Jack Yan
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The Persuader

My personal blog, started in 2006. No paid posts.



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02.02.2020

Human-centred peripherals should be the norm

I’ve had a go at software makers before over giving us solutions that are second-best, because second-best has become the convention. While I can think of an explanation for that, viz. Microsoft packaged Windows computers in the 1990s with Word and Outlook Express, it’s harder to explain why peripherals haven’t been human-centred.
   I thought about this with my monitor. It’s “only” 24 inches, despite being QHD. But it works for me, as 27 or more would see me move my neck to view the corners. I was always happy with the 24-inch Imac: I had no desire for it to be larger. If I had 27 inches I might need to sit further back, cancelling out the upsizing. Despite saying this, I can see in some situations where people would be quite happy with 27 (and even larger ones for coders), but it begs the question of why there aren’t more 24-inch QHD monitors on the market. My friend Chelfyn Baxter believes it is the optimum size for productivity (granted, he told me this over five years ago, though I still see little to fault him). Are our suppliers driving us to larger sizes, just as car importers are driving us to automatics here? (The latter is not backed up by any research on preferences, to my knowledge.)
   The same thing applies to keyboards. To me, the optimum width of a keyboard is around 40 cm. Any wider, you’re reaching for your mouse and causing repetitive strain injuries. I’ve stuck to my 40 cm rule for a long time and haven’t had the sort of pain I had in the late 1990s and early 2000s when I had a standard-width keyboard. The mouse is roughly where I expect it to be, and I wouldn’t object if it were closer still. Again, it begs the question of why 40 cm isn’t a standard if it saves us from pain.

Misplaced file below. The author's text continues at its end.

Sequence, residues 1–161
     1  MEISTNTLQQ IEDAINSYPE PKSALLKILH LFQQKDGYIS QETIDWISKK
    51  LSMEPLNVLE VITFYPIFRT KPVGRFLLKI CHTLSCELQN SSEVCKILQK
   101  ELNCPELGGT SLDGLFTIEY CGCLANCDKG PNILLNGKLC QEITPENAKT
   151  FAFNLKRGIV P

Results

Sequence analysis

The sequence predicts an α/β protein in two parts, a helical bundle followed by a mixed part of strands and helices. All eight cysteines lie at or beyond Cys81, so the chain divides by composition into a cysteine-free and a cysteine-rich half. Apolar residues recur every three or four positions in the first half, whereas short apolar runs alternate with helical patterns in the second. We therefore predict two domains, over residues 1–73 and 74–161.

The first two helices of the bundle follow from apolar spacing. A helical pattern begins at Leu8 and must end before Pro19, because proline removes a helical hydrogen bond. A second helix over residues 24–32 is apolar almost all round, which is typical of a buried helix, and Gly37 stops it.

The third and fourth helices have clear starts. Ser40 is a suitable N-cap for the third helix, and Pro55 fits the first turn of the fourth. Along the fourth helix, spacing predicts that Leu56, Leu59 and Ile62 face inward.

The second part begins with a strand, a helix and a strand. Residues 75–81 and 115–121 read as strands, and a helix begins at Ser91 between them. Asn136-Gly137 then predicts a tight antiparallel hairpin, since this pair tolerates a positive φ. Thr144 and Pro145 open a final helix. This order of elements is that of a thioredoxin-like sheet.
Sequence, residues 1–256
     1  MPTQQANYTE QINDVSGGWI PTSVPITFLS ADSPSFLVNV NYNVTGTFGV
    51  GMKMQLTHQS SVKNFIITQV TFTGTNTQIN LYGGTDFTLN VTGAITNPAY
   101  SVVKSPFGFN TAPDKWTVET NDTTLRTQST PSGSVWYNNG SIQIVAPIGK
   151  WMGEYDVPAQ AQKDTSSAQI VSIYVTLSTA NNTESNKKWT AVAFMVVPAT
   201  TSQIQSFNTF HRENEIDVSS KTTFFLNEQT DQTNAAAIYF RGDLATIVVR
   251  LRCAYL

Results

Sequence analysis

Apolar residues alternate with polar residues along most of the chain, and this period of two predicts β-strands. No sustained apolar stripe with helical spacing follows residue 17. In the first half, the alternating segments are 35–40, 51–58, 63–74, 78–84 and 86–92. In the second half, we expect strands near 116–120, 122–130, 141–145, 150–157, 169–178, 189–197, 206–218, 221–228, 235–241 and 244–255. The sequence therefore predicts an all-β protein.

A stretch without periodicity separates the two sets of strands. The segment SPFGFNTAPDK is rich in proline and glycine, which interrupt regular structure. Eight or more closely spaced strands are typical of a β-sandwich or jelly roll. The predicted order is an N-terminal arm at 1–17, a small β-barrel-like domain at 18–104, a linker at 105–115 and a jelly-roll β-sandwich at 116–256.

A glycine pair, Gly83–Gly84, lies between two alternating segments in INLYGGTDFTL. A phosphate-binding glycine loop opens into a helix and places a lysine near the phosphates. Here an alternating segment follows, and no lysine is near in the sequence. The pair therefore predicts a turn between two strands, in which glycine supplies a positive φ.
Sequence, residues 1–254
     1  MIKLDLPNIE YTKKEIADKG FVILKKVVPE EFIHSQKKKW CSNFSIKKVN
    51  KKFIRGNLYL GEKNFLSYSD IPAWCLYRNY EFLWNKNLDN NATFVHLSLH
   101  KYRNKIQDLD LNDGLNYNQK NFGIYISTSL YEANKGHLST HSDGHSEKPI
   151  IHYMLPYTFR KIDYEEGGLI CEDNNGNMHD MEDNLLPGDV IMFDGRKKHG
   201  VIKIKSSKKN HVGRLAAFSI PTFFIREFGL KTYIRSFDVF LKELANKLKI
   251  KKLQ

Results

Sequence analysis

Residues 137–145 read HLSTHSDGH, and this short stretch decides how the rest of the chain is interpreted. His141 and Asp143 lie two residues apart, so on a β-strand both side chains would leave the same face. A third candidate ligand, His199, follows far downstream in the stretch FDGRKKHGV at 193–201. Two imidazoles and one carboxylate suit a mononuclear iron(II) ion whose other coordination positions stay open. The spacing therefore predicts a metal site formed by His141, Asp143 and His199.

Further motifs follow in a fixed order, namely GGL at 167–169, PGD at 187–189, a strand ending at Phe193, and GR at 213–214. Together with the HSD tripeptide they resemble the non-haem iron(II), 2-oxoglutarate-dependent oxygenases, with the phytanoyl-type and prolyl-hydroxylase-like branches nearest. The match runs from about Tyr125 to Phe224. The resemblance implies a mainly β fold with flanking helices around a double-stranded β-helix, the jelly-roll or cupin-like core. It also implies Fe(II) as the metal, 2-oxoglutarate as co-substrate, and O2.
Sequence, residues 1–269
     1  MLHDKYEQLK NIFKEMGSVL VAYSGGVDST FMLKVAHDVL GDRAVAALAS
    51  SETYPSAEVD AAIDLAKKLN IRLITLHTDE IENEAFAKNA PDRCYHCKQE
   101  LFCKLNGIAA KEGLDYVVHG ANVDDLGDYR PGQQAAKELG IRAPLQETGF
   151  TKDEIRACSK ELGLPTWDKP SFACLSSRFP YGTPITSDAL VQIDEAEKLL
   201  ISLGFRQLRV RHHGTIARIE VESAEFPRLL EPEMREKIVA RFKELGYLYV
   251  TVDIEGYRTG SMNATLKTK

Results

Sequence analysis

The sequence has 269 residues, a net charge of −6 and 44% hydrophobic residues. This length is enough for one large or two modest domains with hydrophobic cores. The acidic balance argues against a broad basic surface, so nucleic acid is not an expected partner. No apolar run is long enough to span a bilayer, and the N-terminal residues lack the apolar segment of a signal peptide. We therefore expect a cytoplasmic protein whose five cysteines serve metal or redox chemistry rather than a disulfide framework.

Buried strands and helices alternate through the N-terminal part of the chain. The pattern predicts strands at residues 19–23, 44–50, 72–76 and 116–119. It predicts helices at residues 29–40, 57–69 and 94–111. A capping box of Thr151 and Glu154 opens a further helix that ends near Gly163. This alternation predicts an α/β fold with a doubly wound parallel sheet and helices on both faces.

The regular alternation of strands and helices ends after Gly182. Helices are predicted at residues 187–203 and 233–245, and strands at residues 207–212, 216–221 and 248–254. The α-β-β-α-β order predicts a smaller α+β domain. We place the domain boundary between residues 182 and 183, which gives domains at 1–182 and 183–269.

Then there’s the mouse—I now use a Microsoft Intellimouse 1.1 from the early 2000s after my 2005-made, 2015-new one gave up. I know there’s a lot of comedy around the US president having small hands, but we’re no longer in the sort of society whose products change to appease a leader. But regular mice are awfully small, a trend that seemed to have begun in the 2010s. I can’t hold them and maybe I have large hands, but I can’t be alone. In so many places I visit, I see some very uncomfortable hands try to grip a small mouse. I learned that was a bad thing in the days of the round 1999 Apple USB mouse (it wasn’t the Imouse), which created a trade in adapters that snapped on around it.
   Fortunately, mice manufacturers do offer larger sizes, recognizing that not all of us accept a child’s size as the standard. Here I can understand why mice have downsized: the manufacturers attempting to save a few bob and forcing more of us into it. However, there must be a decent part of the population who think, ‘I’ll be uncomfortable with that. I won’t buy it,’ and let the market move accordingly.